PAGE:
Nino kobakhidze is a PhD student at I.Javakhishvili Tbilisi State University since 2015 and a young researcher at the Georgian Centre of Population Research (GCPR) with in this project. She graduated from Ilia State University where she received her bachelor’s degree in Sociology. She was a student when she started to work at GCPR in 2011 and she participated in different practical activities within the “Generation and Gender Programm” in Georgia and other research activities of GCPR during that time. The most important was the statistical survey on religiosity among youths in Georgia and in-depth interviews among migrants’ families. In 2012 when she was a student at university she was selected through an open competition to enrich an experience in public communication at the Georgian Ministry of Justice. As a young sociologist she started working on secondary analysis of international surveys on freedom of information and juvenile justice areas as well as getting familiarized with the international standards of sociological studies. As a successful participant of the research practice she was awarded with a certificate.
Why TEW-CCA project? First of all, it’s my job, which I love. As I am one of the Georgian youths, I have really strong interest in this problem which is widespread in our society. When I am thinking about the transition from education to work in our country, I think of my friends, relatives, acquaintances. Most of them have problems going through this process easily. Even for me it was not easy to find a job after successfully completing my study and I know how it is to be a young job seeker, especially in our society where every second young male or female are not able to find an appropriate job. The project work I have been involved with so far contributed a lot to my knowledge and professional experience. Hence, it was extremely important from the point of view of my capacity building. I hope I will be a worthy participant in this project and with my work I will contribute to solve Georgian youth’s problems. I hope the project will allow us to focus on the smoothing of barriers and increasing opportunities for those young peoples who are in their transition process from education to work.
Dr. Mamuka Nadareishvili is Georgian expert in statistics and a professor at Ilia State University. He is a board member of the Georgian Statistical Association. He has 30 years of experience in statistics, development and management of databases for surveys and has over 25 research papers/reports in his academic portfolio. Dr. Nadareishvili has worked on projects with well established international organizations such as UNICEF, World Bank, Save the Children, European Commission, UNDP, WFP, Every child, FAO, DFID, Swiss Agency for Development and Cooperation, Danish Refugee Council. In addition, he has worked closely with the Ministry of Labour, Health and Social Affairs of Georgia as the group leader to develop the methodology for targeted Social Assistance and to create a welfare index for the Georgian households.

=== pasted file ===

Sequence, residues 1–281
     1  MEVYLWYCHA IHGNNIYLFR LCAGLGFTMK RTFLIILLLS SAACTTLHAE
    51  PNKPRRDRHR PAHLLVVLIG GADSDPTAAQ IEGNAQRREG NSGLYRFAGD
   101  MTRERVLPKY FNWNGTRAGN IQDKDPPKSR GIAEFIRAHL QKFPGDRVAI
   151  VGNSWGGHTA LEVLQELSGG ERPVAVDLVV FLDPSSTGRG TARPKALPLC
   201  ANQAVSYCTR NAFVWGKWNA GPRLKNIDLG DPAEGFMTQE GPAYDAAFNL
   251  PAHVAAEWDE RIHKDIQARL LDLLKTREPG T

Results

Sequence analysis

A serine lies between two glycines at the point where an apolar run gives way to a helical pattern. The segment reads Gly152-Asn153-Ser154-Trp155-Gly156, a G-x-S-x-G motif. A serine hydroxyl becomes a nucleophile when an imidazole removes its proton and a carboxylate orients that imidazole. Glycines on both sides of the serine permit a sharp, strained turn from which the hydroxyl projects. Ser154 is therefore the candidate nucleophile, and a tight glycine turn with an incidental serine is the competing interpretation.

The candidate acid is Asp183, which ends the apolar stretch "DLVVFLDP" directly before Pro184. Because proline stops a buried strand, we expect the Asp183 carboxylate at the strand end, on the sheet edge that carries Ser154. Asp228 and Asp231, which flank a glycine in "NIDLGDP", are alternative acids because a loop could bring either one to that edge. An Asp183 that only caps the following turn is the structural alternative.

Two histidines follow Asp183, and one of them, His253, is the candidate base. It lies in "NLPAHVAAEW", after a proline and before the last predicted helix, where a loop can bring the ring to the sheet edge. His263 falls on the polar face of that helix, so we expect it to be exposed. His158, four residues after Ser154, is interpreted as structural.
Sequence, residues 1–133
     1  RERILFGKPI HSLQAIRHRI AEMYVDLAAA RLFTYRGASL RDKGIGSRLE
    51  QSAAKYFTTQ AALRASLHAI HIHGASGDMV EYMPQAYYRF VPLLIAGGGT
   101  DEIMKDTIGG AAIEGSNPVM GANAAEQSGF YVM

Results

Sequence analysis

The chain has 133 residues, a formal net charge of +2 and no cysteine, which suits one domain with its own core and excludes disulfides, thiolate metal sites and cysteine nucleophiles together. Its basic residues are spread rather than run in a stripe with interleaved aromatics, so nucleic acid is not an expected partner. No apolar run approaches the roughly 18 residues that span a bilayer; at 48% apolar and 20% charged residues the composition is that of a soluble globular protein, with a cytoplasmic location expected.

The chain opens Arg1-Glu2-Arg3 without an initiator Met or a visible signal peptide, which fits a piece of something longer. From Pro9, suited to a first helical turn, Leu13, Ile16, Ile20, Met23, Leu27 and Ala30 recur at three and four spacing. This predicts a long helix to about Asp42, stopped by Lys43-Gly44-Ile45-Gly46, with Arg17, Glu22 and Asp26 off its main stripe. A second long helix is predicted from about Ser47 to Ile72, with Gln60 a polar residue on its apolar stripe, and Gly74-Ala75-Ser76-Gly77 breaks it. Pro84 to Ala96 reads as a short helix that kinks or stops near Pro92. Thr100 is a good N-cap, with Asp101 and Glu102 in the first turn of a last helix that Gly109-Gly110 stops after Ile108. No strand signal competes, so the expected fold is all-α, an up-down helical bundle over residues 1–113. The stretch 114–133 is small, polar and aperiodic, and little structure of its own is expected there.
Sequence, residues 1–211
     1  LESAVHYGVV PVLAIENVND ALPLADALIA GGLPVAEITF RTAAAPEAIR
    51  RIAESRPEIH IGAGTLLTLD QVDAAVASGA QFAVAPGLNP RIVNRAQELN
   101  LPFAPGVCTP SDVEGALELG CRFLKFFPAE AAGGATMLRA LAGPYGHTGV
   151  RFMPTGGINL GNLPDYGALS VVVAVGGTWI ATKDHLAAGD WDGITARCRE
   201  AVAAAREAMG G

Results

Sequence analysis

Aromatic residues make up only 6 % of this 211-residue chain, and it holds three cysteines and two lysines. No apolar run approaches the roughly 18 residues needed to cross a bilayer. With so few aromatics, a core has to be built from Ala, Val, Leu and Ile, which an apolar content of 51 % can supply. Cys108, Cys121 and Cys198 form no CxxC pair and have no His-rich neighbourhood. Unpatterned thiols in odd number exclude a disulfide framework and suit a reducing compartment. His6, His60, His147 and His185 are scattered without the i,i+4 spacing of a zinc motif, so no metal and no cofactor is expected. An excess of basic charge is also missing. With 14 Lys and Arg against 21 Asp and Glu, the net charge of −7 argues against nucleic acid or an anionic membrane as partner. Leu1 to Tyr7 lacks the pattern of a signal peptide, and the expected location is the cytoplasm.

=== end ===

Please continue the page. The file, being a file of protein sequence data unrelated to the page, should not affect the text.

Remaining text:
Why TEW-CCA project? – As a university professor I am working with students on daily bases, thus understanding the problem associated with the transition from education to work can provide me with necessary information to assist my students and prepare them better for their future endeavors. As a researcher and a Georgian citizen the scope of the project also holds a great importance to me, as it directly addresses the most pressing issue of our society, unemployment. Thus, I would like to use my expertise in statistics to insure high quantitative quality of the project.
Nana Gurgenidze has completed her Bachelor’s degree in Jacobs University Bremen in 2016, majoring in Integrated Social Sciences. As part of her curriculum she went through extensive courses in SPSS statistics, empirical, qualitative and quantitative research practices. As part of her mandatory internship Miss Gurgenidze interned at the ACT – Analysis & Consulting Team in the department of sociology. In the scope of her internship she has conducted interviews, interpreted data and took part in data cleaning procedure.
Why TEW-CCA project? The premise of the project is especially close to me as it represents the problem directly associated with my age cohort. In the process of university admission Georgian students tend to think little about the job prospects that are associated with specific fields that they have selected, thus leading to increasing number of students majoring in business administration, Law and political science while the number of vacant positions for those majors are quite scarce. Observing attitudes, problems and trends associated with the shift from education to work could potentially provide us the insights needed to tackle the problem and hopefully elevate the pressing issue of the unemployment in Georgia. I am looking forward to work with this project’s experienced and diverse team of researchers to apply my theoretical knowledge into practice and broaden my horizon as an aspiring researcher.